Some long poems are less about length and more about depth: NourbeSe Philip’s Zong! plumbs Atlantic deeps; long poems can sound vertically. They speak in tongues; they are dialogic, polyglossic, heteroglossic: Homer already do the police in different voices. They stage debate and argument: the scholastic Owls and Nightingales of medieval long poems, the idiot questioners of the book of Job. Long poems can describe journeys, travels, adventures, all necessarily matters of scale and size. They are excellent vehicles for satire and parody: a certain amount of sheer space and scope is needed to build comedy. And of course long poems go cosmic: they describe the architectures of the fantastic, the machineries of myth and allegory.

The modern long poem is, figuratively speaking, always at war, which along with the descent into the infernal allows for its gravity: Odysseus emerges from battle but must pass through hell in order to return to the world. The visit to hell is a trope that allows for the growth of the poem as a teleology. In The Aeneid, war and hell form a composite vision of the past justifying the imperial present; Ovid, on the other hand, offers compilation itself as a self-sustaining long mode, one in which war is only one important element within constant metamorphosis. These two types of long poems, the teleological and the compilative, converge in Dante’s Commedia, and perhaps all great long poems strive for such a convergence.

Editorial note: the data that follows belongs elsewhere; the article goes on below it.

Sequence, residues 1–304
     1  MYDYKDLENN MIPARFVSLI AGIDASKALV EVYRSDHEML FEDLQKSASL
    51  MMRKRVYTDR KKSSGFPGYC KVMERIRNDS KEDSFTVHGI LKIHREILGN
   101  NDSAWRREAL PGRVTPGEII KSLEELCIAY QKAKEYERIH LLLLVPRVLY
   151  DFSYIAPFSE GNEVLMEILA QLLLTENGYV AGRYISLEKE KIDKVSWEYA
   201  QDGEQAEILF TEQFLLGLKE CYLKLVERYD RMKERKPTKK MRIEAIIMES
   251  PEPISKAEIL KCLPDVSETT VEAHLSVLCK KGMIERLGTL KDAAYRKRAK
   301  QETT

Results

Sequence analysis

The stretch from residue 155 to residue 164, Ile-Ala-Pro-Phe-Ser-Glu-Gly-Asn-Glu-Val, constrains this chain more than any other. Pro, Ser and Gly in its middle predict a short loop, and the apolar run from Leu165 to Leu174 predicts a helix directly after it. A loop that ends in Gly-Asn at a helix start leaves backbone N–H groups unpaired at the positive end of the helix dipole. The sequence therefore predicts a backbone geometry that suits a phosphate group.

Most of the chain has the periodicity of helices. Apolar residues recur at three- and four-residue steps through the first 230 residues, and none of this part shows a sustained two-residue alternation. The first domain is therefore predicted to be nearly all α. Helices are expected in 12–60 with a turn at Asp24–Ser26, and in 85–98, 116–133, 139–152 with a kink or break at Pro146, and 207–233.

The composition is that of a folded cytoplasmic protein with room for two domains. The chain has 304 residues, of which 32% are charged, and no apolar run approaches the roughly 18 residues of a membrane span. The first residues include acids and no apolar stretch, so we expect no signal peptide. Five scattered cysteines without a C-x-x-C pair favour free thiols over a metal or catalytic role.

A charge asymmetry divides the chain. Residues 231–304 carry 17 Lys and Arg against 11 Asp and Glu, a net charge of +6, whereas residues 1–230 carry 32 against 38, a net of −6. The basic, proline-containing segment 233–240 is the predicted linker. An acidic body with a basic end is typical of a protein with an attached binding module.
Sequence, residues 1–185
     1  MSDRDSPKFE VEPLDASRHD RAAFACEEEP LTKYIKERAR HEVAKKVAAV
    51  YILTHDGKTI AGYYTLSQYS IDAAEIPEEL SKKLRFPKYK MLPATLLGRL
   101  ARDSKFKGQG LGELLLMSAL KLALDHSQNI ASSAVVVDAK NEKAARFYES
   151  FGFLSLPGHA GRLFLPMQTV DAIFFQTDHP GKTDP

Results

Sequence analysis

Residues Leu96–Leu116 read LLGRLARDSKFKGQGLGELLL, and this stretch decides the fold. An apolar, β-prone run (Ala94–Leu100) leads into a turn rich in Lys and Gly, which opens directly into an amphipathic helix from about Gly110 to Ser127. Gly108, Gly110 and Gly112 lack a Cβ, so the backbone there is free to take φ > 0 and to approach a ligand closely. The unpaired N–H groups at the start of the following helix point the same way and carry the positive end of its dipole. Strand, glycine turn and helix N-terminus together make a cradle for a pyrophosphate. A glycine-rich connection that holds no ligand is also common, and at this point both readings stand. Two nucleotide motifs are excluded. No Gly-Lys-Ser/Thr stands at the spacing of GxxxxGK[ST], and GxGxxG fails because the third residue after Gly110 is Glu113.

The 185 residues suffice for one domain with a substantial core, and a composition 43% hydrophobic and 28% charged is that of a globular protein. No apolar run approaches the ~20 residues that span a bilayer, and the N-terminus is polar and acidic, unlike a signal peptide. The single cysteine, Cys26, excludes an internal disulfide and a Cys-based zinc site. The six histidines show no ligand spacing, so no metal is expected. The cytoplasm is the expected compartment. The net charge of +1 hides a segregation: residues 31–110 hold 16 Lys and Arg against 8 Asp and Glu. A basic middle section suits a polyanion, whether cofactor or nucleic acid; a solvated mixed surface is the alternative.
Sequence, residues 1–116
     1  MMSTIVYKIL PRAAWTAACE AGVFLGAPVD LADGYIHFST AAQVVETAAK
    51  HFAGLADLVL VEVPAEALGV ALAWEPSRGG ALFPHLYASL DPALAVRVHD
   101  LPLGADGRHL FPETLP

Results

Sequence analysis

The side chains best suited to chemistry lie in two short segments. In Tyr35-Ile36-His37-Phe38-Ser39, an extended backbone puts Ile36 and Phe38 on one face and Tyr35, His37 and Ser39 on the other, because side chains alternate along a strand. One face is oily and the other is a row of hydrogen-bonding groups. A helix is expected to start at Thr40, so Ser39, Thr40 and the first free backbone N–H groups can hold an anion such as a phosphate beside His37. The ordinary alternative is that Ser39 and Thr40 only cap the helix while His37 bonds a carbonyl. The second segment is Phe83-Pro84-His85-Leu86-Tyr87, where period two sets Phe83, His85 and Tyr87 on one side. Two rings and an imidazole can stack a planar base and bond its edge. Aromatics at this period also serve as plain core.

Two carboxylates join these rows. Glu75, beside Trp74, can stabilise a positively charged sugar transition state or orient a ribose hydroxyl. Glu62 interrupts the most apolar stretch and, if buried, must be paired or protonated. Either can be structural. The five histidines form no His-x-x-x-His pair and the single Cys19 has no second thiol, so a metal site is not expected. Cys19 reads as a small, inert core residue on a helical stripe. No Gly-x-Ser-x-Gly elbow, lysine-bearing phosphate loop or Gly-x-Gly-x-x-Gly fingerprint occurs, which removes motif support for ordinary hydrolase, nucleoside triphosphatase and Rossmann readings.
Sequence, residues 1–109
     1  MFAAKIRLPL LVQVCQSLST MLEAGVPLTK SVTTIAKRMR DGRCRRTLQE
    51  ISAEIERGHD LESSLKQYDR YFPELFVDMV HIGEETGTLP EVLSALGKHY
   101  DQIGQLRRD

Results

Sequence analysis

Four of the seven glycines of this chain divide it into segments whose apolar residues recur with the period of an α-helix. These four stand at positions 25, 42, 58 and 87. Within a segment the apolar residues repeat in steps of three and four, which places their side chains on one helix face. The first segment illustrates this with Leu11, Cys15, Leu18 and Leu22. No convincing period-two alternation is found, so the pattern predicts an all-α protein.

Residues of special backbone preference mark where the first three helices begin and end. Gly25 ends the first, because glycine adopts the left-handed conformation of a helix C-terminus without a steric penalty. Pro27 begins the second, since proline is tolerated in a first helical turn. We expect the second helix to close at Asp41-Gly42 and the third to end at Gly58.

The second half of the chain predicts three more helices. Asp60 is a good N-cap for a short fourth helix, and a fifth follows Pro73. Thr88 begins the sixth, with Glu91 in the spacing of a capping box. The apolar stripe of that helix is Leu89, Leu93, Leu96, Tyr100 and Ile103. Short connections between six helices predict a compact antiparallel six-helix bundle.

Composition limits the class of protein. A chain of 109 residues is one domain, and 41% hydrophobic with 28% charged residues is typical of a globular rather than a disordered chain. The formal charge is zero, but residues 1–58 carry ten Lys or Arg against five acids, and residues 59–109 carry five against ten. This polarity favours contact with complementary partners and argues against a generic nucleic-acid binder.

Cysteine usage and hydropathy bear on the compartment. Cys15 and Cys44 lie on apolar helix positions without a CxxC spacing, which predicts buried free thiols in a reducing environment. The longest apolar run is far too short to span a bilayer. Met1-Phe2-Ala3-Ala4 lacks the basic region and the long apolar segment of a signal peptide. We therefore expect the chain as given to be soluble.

Dante is inevitable for the occidental modern long poem. The very form of poetic progression, the movement from Inferno to Paradiso, is compelling, practically binding. Pound’s circling around this form leads him to outflank Dante through Cavalcanti, but The Cantos remain in constant dialogue with Dante, culminating in the “Italian Cantos” with their Fascist infernality and in the crystalline sepulchers of “Thrones.” This tradition of death is what leads Zukofsky to his overwhelming commitment to life in his anti–Waste Land “Poem Beginning ‘The’”:

36 “O do you take this life as your lawful wife”
37        I do!

In many ways, Zukofsky emerged as the nexus of our gathering, with Hebrew, English, and Yiddish singing in the background of his verse, itself imbricated in the networks of friendship and mentorship that motivated and mobilized so much of the long poetry of the twentieth century. In defiance of hell, Zukofsky in “A” overcomes war and blazes a path for the great American long poems of the second half of the century. “A” goes beyond modernism in opening up to a variety of posts—and to a poetic length that brings music and speech to a new paradiso of sound emerging from the impossible and the unsayable.

We invited two contemporary American poets—Bob Perelman and Craig Dworkin—to read from their long works on the first evening of the conference. Both derive in many ways from Zukofsky, and both depart altogether from Homeric/Dantescan/Poundian paradigms, with their vertical orientations and preoccupations with war and underworld. Representing, respectively, Language and Conceptualist poetics, which arguably produced the longest long poems over the past forty years, Perelman’s and Dworkin’s poems—the first based on phenomenological improvisation, the second on bibliographical proceduralism—use length less as a means for treating the interminably mutating circumstances of modern political history and more as a metonymical modality baked into the very projects at hand: how to map the ongoing literal fact of waves on the sea, and how to chart the endlessly spiraling constellations of definition as the logic of the dictionary is turned upon itself? Perhaps these are openings toward the future of long poetic projects, or that which comes when length has been exhausted.